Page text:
Degree Name

Doctor of Philosophy


School of Physics


A rarely studied feature of many naturally abundant isotopes is the possibility of exciting the nucleus using high energy photons into an isomeric state with a half-life of microseconds up to minutes and hours. These photonuclear interactions have been explored as a method of performing non-destructive trace elemental analysis of mineral ores using a technique known as Gamma Activation Analysis (GAA). In GAA, samples are irradiated with a linear accelerator to induce short-lived radioactivity in a sample, transferred to a shielded pair of high purity germanium detectors where their characteristic decay is measured. The time taken to mechanically transfer samples precludes the measurement of isomers with half-lives shorter than a second, which requires any measurement apparatus for these isomers to be near the intense exciting radiation and measure between rapid accelerator pulses. The production cross sections for these isomers do not exist in experimental reaction databases, and several isomers with a half-life less than a second have never been measured experimentally, presenting an opportunity of scientific and commercial interest. The element of primary commercial interest is the measurement of arsenic due to its presence in some mineral gold ores, which is possible with this technique due to the isomer 75mAs with a half-life of 17.6 ms.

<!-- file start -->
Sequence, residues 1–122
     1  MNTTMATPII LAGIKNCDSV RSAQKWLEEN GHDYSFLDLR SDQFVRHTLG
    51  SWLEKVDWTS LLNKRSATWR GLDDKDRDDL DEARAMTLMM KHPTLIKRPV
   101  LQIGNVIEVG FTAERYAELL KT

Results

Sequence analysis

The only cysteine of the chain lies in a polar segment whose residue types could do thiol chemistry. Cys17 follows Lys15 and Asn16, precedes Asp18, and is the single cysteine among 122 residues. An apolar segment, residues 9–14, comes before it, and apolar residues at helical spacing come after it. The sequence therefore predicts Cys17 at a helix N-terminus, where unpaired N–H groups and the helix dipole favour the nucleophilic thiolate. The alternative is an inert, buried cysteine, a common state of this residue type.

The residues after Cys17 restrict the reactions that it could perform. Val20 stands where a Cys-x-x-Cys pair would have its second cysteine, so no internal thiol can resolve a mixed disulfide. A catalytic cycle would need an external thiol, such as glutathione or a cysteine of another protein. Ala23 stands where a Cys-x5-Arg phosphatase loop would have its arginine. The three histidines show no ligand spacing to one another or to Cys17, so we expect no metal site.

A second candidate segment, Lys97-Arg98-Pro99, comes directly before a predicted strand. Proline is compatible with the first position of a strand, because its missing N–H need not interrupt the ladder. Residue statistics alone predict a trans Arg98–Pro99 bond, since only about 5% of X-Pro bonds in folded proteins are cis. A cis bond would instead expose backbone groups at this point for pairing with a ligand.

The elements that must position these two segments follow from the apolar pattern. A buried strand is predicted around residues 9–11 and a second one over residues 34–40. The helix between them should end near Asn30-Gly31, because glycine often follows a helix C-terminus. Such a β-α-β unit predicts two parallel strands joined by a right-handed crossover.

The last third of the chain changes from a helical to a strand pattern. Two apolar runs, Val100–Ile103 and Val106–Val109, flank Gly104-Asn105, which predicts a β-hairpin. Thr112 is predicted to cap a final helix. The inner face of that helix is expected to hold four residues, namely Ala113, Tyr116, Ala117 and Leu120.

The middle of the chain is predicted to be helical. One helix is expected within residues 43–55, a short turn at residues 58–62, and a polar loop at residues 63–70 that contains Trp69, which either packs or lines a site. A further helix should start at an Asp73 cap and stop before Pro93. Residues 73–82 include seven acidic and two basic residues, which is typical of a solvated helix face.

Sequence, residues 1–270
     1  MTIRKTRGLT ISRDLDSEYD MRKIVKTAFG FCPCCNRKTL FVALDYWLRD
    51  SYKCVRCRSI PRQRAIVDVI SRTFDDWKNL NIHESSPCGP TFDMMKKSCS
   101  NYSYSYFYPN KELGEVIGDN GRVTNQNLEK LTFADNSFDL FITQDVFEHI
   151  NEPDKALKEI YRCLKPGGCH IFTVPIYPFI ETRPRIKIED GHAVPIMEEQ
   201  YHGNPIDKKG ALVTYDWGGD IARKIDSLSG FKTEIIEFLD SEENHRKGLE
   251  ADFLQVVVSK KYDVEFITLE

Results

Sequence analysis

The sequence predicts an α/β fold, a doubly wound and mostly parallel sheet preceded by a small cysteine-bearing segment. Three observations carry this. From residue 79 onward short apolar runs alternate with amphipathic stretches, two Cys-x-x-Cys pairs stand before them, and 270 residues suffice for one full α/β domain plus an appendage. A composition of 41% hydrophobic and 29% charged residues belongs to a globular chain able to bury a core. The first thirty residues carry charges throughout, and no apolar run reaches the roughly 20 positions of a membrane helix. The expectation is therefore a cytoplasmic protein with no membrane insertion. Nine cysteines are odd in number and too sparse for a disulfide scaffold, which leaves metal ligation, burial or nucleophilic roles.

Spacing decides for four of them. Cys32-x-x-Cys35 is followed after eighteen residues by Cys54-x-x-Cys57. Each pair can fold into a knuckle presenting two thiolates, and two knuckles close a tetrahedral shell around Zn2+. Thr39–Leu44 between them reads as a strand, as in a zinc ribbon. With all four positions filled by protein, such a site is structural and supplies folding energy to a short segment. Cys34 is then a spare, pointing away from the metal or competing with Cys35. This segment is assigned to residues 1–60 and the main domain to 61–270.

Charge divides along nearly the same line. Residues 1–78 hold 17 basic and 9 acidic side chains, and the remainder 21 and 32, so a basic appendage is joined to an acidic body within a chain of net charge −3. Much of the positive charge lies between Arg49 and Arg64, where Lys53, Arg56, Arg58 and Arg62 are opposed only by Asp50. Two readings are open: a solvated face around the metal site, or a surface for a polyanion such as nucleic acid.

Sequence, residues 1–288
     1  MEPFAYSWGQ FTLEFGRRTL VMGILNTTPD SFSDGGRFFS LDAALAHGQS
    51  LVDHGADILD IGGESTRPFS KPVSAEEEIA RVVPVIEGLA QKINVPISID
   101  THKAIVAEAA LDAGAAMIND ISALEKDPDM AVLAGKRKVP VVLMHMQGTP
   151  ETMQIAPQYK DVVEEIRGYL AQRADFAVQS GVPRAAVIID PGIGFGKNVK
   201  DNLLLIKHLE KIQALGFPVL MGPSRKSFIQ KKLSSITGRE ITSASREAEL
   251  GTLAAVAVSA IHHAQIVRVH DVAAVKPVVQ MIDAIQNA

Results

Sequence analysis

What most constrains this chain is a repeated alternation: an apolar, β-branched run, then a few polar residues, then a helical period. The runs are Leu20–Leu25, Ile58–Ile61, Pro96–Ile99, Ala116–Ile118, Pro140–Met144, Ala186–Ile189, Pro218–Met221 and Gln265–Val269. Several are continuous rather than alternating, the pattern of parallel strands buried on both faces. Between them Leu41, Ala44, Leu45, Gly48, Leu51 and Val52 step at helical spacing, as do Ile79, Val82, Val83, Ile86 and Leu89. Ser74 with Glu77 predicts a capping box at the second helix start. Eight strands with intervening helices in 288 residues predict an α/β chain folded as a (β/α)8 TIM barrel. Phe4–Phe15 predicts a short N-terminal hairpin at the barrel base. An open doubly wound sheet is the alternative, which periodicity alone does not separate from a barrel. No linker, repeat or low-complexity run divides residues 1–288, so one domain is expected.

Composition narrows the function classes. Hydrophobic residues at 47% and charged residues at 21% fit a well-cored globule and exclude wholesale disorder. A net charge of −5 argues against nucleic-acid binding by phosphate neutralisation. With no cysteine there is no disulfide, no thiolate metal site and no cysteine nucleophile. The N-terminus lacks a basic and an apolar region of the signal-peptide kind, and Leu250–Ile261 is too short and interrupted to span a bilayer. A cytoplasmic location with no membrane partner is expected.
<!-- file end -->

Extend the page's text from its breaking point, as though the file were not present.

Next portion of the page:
To operate in this intense, high radiation dose environment in close proximity to the accelerator, a radiation hard detector system was designed, modelled, constructed and tested using several interchangeable cerium-based scintillation detectors chosen for their radiation resistance, low afterglow and suitable resolution. These scintillators are CeBr3, GYGAG:Ce and GAGG:Ce:Mg, with each having overlapping complementary strengths and weaknesses for operation in this environment. The most severe form of radiation induced damage observed in these scintillators is that of long-lived afterglow, with all three scintillators exhibiting both intermediate (following an accelerator pulse) and long lived (over many minutes) luminescence proportional to the radiation dose absorbed in the scintillation crystal. The previously unknown relative intensity and decay time of these components was characterised in each of the three scintillators by measuring the baseline signal intensity following both a single pulse and an entire extended irradiation of many minutes in two separate measurements. These separate results were normalised and compared to a single pulse with the assistance of Monte Carlo simulations to equate differences in dose rates. With the CeBr3 and GAGG:Ce:Mg scintillators, the short-lived afterglow components rapidly decayed, leaving the residual light intensity of a hundredth of a percent of the fluorescent intensity of the exciting pulse. The GYGAG:Ce took longer, taking some 1 ms to return to the same intensity. Using these measurements, the complete relative luminescence decay of each scintillator was fit using nonlinear least squares, with up to 6 different decay time components depending on the scintillator material.

FoR codes (2008)

020202 Nuclear Physics, 020504 Photonics, Optoelectronics and Optical Communications



Unless otherwise indicated, the views expressed in this thesis are those of the author and do not necessarily represent the views of the University of Wollongong.